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    The .30-30, while very popular in the west (and the eastern U.S., too) wasn't introduced until 1894, and wasn't commonly available until a year or two later, so it missed the heydey of the Indian wars, buffalo hunting, OK Corral, etc. It was always loaded with smokeless powder, not black.

    The .30-30 did become very popular among ranchers and farmers because they were (and are) fasthandling, reliable, reasonably priced, and sufficient to do the job. The flat action carries well in a scabbard, or in your hand.

    It has adequate power for deer, black bear, 2 and 4 legged predators, plus adequate accuracy, out to 150 yards or so. The cartridge has more power than a 7.62 x 39, but not as much as the .30-06, nor even the .308. Until quality scope sights became common and reliable in the late 30's & 40's, the 30-30 was hard to beat as a hunting rifle.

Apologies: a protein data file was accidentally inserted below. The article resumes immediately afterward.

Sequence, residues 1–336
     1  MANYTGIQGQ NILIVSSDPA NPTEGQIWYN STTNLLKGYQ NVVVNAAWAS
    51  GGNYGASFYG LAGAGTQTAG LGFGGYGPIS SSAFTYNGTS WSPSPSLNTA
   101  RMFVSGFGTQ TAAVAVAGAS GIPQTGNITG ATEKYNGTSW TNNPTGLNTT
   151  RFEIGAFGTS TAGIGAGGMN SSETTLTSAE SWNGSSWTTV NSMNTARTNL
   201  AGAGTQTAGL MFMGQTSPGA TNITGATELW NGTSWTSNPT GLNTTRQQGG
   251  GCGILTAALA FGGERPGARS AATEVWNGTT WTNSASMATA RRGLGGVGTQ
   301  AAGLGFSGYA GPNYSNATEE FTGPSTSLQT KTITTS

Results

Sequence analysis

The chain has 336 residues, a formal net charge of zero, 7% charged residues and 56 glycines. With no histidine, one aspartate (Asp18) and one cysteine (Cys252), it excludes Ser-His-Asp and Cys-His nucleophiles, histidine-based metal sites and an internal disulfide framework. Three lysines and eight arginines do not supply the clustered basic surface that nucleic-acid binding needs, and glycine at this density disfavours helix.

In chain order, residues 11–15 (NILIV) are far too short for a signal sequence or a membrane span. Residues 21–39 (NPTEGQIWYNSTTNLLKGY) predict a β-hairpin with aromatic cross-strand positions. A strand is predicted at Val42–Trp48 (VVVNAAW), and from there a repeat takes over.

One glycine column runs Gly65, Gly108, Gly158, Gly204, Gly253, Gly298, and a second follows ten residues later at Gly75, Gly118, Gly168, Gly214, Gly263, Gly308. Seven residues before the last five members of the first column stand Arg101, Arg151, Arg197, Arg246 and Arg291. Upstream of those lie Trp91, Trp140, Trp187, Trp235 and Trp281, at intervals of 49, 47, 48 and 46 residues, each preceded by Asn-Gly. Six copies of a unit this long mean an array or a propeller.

16. Sir Galahad

    Sir Galahad member

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    Nowadays, you're just as likely to see a rancher with a SKS, AK or AR as you are to see a .30-30. And a lot of cowboys are more likely to be carrying Glocks for a handgun.
     
  17. Frohickey

    Frohickey Member

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    Ruger Bisley Vaquero
    [​IMG]
    Rossi Legacy 92 .454 (Puma)

    [​IMG]

    You can have a cartridge belt with 45Colt loads, either cowboy or the hot ones from Corbon, and have no fear if the sidearm or the rifle will be able to handle the pressure. And they still look 'cowboyish' too. Just as long as you don't put tritiums and tact-slings on them. :neener: